QuadBlogging: Creating Social Networks for Your Classes

I asked David Mitchell to write a bit about QuadBlogging. I see this as the necessary next step in student commenting. Students need to find others who share their interests and passions and I believe this to be the best way to introduce them to other students.

QuadBlogging was born in November 2010 whilst visiting a school in Blackpool in the NW of England. After some months of very successful blogging Hawes Side Primary School were not getting the numbers of hits and comments that Heathfield Primary School were getting even though their blogs were just as fantastic. It was during the evening that day when I reaslised how schools and classes could help each other, it was so simple.
Four classes on a four week cycle. Each week a different class would have the other three classes focussing on their blog. I set up the first Quad which included:

Heathfield Primary School (http://heathfieldcps.net)
Green Lane Primary School (http://greenparkschool.org.uk/)
Ferry Lane Primary School (http://ferrylane.net)
Hawes Side Primary School (http://hawes-side.net)
The first three school in that list were already very established blogging schools all helping to give Hawes Side Primary School an audience boost.
As word got around Twitter, other schools wanted to see if they could join. Within a couple of months, I had around 100 classes signed up to 25 Quads. This was however, taking up many hours of admin time late into the night so despite knowing that there was a demand for support for class blogs, changes had to be made.
QuadBlogging 'The Relaunch' kicked off in September 2011. The changes I made although subtle allowed the project to grow even further. Currently, there are roughly 350 classes involved in 15 countries, that's over 10,000 pupils! What is even better is that QuadBlogging has room to grow due to the fact that each Quad has a Co-ordinator who arranges the dates for the cycle to begin and which classes will be visiting which class. What is also an added benefit of having so many classes on the database, when signing your class up, you can specify where in the world you would like your Quad members to be from. It isn't always possible to tick all the boxes but I have tried to ensure most requests are matched.
So, do you want a wider audience for your class blog? It's free, quick and you're not too late:
David Mitchell
Acting Headteacher
Google Certified Teacher
NAACE ICT Impact Award Winner 2011
Microsoft Innovative Teacher Award National Winner 2010
Toshiba ICT Redesign Award Winner 2010
HeathfieldCPS
Bolton
UK


Here are some testimonials from 2010:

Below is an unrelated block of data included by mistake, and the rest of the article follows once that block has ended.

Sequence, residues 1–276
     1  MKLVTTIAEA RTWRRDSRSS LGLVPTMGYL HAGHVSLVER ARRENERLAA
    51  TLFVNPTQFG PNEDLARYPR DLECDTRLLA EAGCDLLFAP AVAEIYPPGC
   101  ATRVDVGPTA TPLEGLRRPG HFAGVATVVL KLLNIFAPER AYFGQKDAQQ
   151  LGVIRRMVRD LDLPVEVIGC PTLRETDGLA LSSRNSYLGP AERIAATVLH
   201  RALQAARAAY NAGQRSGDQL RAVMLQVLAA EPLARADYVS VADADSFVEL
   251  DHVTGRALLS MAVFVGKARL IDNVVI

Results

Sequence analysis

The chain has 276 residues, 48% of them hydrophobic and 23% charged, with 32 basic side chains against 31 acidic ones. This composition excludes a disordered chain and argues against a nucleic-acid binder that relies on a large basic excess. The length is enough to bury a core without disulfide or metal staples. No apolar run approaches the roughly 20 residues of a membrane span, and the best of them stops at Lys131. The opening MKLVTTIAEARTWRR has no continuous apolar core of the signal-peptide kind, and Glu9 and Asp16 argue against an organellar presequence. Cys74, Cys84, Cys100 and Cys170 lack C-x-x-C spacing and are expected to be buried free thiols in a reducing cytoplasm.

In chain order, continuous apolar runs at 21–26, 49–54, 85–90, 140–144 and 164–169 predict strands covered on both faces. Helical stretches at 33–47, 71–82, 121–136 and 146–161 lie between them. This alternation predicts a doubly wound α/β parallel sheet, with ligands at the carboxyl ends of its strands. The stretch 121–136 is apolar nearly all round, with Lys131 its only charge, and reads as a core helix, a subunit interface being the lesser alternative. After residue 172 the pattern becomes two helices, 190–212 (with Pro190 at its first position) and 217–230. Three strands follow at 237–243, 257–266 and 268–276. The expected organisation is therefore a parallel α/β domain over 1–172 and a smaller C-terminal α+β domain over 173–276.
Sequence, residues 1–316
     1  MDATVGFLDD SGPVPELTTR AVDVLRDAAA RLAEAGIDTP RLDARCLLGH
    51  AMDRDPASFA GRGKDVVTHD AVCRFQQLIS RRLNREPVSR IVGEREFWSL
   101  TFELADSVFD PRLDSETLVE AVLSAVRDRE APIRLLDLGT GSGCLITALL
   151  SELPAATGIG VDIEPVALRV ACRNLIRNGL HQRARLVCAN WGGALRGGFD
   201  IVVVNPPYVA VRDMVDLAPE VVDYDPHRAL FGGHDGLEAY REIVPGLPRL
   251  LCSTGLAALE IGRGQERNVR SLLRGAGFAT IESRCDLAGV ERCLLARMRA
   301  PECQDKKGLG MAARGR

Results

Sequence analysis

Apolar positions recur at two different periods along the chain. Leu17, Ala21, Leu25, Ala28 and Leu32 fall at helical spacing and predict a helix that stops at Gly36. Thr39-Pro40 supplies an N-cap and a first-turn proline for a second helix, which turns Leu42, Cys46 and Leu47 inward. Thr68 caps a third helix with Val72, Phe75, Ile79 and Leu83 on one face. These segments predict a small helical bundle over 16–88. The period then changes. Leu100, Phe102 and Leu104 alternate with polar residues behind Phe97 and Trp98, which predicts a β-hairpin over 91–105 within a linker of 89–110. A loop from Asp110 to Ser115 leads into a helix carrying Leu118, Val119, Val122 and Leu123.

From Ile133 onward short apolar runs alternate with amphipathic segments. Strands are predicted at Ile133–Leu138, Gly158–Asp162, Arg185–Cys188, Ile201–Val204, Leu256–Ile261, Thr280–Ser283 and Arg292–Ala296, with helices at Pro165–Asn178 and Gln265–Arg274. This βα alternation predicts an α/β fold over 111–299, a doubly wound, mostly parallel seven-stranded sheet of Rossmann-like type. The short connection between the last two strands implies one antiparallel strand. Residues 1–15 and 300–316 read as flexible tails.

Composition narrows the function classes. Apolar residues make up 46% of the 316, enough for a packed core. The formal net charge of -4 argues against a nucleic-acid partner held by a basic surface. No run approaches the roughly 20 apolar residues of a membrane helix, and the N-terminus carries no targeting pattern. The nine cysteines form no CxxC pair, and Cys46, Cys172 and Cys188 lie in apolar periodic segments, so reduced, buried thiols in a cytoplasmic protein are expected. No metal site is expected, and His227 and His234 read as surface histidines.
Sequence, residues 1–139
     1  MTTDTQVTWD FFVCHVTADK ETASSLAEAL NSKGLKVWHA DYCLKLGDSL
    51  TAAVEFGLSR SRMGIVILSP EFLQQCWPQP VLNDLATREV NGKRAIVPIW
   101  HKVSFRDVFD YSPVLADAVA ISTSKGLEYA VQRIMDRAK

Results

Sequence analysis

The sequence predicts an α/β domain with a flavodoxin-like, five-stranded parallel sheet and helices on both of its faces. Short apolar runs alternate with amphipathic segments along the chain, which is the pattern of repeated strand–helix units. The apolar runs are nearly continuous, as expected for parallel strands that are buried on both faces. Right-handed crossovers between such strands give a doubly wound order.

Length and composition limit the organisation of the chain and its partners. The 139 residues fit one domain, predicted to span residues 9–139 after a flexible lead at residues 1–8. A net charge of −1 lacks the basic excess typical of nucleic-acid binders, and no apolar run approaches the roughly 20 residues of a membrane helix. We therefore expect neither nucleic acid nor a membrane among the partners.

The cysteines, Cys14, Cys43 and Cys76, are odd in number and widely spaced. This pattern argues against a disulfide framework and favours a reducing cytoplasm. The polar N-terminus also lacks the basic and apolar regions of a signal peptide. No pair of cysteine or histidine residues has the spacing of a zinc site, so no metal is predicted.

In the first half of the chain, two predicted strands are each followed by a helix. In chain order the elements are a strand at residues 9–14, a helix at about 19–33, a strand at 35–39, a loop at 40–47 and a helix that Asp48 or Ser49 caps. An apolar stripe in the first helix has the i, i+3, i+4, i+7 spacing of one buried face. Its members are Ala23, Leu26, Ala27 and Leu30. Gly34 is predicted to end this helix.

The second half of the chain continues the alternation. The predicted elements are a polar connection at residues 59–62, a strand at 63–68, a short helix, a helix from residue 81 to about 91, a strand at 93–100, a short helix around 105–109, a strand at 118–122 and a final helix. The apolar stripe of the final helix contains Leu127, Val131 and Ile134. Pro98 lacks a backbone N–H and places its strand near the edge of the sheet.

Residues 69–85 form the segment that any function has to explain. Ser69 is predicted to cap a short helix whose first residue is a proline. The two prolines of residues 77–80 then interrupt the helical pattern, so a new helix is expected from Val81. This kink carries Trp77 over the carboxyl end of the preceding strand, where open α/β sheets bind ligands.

QuadBlogging 2010 – 2011 was a huge success!
“Collaboration amongst learners is something that we strive to achieve in our classrooms and quadblogging has helped me to achieve this in a way I could never dream possible.  The children are enthused and excited by their blogging buddies from around the world and their learning is no longer confined to the four walls of the classroom or indeed by me as their class teacher.  The children are so motivated by the comments from other teachers and children and these motivates children to blog even more, comment more and therefore learn even more about so much more than is in my planning.  Engagement and motivation is raised as children become the teachers and not just learners, teaching others about their cultures, religions and school life.  The key to a successful blog is of course the audience and this is where quadblogging has the biggest impact for our blog.  It helps to build up those wonderful learning collaborations, as well as help to increase the audience for our blog and for the rest of our schools fledgling blogs.  The children love visiting a school a week and this helps to further inspire them when it is their turn in the blogging cycle, giving them a chance to show off to their new ‘friends from around the world’.  The children continue to visit each other’s blog long after the cycle has finished once again showing that quadblogging is a powerful tool in the development and continuation of our blog.  We have a saying in my classroom ‘Neurons that work together, fire together’ and with quadblogging we are certainly able to get those neurons firing.”
Cherise Duxbury
High Lawn Primary School



“My class blog was the only blog at my school and so getting it off the ground seemed like a bit of a challenge! Quadblogging not only connected us with three schools and got us some much appreciated visitors, but two of them were from other counties. Getting regular visitors from children in the US and New Zealand, as well as the UK, blew my class’ mind! As a bonus, I also made good connections with the other three class teachers through Twitter. The four classes went on to collaborate in a story writing project too… all thanks to quadblogging. ”
Claire Lotriet
Kensington Avenue Primary



“Viewing different blogs, commenting on others and receiving comments from other countries.  Rotation of visiting blogs was very successful.  Developing continued links.  Experience for new bloggers to develop confidence to comment.  Students checked blog more often.  Greater global audience was awesome.  Identifying differences and similarities in schools, practices, culture, identities.  Great to establish relationship and followup with skyping (we haven’t managed it yet but plan to soon).  Global audience to send class mascot for extended learning.  Awesome experience and we would love to be involved again.”
Anne Kenneally
St Mary’s School, Mosgiel

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